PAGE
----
John was the Teflon man, an expert at ensuring his transgressions did not stick. He was approved for a rifle and a pistol licence.
Asked to explain how the registry could have possibly concluded John passed the fit and proper person test, a senior supervisor could only say: "I'm not able to. Sorry."
The family law proceedings were running in parallel. The court was slowly amassing a wealth of information that John physically abused Jack and Jennifer and was controlling and manipulative towards Olga, but the registry was not aware of it.
In February 2018, Olga won full custody. It was around this time, the coroner found, that John made the decision to murder his children.
In April 2018, he bought the Glock pistol.
The holes had just about lined up. The system was on the brink of collapse.
One final, flimsy barrier remained: the closely held secret of Jack, Jennifer and Olga's address.
But John had that piece of paper in his pocket.
"To describe this as a tragedy is to import a sense of inevitability, that nothing could have been done to change the outcome," State Coroner Teresa O'Sullivan said on Wednesday.
"Instead, the evidence before this court plainly reveals that the deaths of Jack and Jennifer Edwards were preventable."
In the wake of Jack and Jennifer's deaths, NSW Police overhauled the firearms registry and altered domestic violence procedures.
But Magistrate O'Sullivan found the changes already made had not gone far enough. She made 24 recommendations in her 272-page report, most of them aimed at plugging the gaps through which John had fallen so effortlessly.
Some are aimed at gun laws: recommendations to refuse licences to people with provisional and interim AVOs and those convicted of domestic violence offences, and to dump the P650 scheme, which permits unlicensed people to train at shooting ranges without registry oversight.
Others relate to the dangerous link between family court proceedings and violence. O'Sullivan called for better information sharing between the courts and police, and called on the Australian Government to change the law so anyone involved in family law proceedings at the time they apply for a gun licence must inform the registry.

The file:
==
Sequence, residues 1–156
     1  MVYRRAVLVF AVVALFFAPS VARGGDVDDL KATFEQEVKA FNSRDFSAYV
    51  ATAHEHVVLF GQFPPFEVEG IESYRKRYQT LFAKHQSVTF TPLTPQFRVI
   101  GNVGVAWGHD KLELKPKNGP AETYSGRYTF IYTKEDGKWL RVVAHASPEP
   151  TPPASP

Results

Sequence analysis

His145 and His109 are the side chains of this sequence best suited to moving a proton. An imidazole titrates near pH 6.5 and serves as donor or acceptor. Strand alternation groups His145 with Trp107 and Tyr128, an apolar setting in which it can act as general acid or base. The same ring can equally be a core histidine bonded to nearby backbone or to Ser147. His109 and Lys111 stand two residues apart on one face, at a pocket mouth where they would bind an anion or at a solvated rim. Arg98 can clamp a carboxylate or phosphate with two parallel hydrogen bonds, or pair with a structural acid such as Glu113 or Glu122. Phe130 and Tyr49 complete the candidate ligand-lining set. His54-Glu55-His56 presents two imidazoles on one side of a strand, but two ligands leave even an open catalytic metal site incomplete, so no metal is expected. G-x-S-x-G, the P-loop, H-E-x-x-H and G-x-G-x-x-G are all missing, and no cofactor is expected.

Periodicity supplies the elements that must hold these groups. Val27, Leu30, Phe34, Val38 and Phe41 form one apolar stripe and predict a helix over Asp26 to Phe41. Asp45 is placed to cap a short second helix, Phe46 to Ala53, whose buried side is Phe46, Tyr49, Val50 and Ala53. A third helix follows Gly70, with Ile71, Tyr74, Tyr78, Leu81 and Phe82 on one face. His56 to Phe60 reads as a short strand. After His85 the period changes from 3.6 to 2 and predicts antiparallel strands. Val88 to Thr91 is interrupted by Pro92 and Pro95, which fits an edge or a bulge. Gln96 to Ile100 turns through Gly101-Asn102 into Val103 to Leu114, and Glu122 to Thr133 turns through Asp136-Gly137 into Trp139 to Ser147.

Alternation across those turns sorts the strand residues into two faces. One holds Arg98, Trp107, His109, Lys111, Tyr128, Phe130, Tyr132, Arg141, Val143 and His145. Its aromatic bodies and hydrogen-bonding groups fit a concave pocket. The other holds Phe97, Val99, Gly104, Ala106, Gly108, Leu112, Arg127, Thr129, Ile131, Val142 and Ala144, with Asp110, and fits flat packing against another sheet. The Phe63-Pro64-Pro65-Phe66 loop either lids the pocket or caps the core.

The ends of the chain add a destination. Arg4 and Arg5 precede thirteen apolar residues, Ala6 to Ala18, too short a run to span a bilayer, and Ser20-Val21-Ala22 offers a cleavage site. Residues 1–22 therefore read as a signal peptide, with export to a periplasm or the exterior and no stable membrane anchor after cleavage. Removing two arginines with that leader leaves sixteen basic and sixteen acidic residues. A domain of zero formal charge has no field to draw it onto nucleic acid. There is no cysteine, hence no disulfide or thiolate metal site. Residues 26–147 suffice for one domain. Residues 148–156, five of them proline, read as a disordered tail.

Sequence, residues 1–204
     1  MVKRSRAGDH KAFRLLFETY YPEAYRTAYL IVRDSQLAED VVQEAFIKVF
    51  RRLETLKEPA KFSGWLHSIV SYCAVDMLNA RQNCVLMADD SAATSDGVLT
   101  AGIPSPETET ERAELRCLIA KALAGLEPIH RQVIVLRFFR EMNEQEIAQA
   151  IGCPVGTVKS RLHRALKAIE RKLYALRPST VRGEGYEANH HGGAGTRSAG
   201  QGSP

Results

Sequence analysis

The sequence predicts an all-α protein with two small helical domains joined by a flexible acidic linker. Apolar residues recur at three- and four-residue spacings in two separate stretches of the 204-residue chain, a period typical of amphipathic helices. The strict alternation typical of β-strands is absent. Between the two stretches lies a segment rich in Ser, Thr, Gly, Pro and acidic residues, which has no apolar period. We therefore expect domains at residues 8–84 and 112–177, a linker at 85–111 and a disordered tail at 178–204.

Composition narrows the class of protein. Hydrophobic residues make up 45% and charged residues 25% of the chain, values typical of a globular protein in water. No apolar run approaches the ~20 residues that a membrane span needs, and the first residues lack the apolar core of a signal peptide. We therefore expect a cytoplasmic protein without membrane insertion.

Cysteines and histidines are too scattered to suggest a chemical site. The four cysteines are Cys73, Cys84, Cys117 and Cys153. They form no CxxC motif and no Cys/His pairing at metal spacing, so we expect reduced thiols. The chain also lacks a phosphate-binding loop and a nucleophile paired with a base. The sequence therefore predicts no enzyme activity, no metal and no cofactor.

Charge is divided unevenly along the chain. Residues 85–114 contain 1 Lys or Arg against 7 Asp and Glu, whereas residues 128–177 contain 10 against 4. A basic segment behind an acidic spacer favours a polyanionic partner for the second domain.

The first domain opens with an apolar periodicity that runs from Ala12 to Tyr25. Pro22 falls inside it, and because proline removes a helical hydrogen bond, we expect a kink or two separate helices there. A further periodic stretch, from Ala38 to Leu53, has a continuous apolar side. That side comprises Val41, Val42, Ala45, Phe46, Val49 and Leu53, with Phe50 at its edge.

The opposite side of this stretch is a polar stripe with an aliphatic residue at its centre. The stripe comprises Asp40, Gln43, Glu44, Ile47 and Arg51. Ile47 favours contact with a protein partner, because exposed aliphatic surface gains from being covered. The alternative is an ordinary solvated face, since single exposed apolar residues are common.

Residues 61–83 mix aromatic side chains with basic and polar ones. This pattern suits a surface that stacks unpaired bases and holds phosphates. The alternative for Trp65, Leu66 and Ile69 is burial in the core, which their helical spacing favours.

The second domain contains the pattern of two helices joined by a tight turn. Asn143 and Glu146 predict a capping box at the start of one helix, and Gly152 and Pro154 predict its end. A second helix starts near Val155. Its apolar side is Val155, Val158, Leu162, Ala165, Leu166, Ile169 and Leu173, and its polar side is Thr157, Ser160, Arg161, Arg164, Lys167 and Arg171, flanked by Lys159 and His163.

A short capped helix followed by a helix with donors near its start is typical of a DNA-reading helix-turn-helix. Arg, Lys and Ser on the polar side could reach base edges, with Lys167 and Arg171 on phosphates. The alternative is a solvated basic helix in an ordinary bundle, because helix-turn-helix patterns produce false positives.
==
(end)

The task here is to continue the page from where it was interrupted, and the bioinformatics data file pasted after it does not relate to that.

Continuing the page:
She also recommended the Office of the Legal Services Commissioner investigate whether disciplinary action should be taken against Morton.
Whether the recommendations force any change — whether they are followed at all — remains to be seen.
After laying out these systemic failures at the bright, airy Coroner's Court Complex at Lidcombe on Wednesday afternoon, O'Sullivan paused. Now it was time to place the events of July 5, 2018, on the record.
The coroner's voice betrayed the weight of this case. As she uttered each heavy sentence it was easy to conjure up an image of Jennifer, disembarking from the train at Pennant Hills station at 4.44pm.
The 13-year-old had a long commute, but she was extremely proud of having been accepted into her selective school at Gosford. She wanted to be a veterinarian.
She could not have known her father was in the car park that afternoon, covertly watching her from an unfamiliar white rental car.
She immediately boarded a bus for the second-last leg of her journey, the white sedan trailing behind.
"At 4.50pm," the coroner said, "Jennifer alighted from the bus on Pennant Hills Road near Mount St and started walking home, which took approximately eight minutes."
We had reached 4.58pm. The coroner paused again; the next sentence was the point of no return. And as the moment hung in the air, so too did the possibility of another path for that bright, gentle girl, her free-spirited brother, and their devoted mother.
What if police over many years had taken John's ex-partners and children more seriously? What if the supervisor at Hornsby Station had properly checked his officer's shoddy paperwork? What if a single person at the firearms registry had taken it upon themselves to look, really look, at John's history of violence? What if he had never been able to figure out where and when his daughter got off the train?
The system failed. At 4.59pm, CCTV recorded John pulling up outside.
Do you need help?
If you're in danger now:
• Phone the police on 111 or ask neighbours of friends to ring for you.
• Run outside and head for where there are other people.
• Scream for help so that your neighbours can hear you.
• Take the children with you.
• Don't stop to get anything else.
• If you are being abused, remember it's not your fault. Violence is never okay
Where to go for help or more information:
• Shine, free national helpline 9am- 11pm every day - 0508 744 633 www.2shine.org.nz
• Women's Refuge: Free national crisis line operates 24/7 - 0800 refuge or 0800 733 843 www.womensrefuge.org.nz
• Shakti: Providing specialist cultural services for African, Asian and middle eastern women and their children. Crisis line 24/7 0800 742 584
• It's Not Ok: Information line 0800 456 450 www.areyouok.org.nz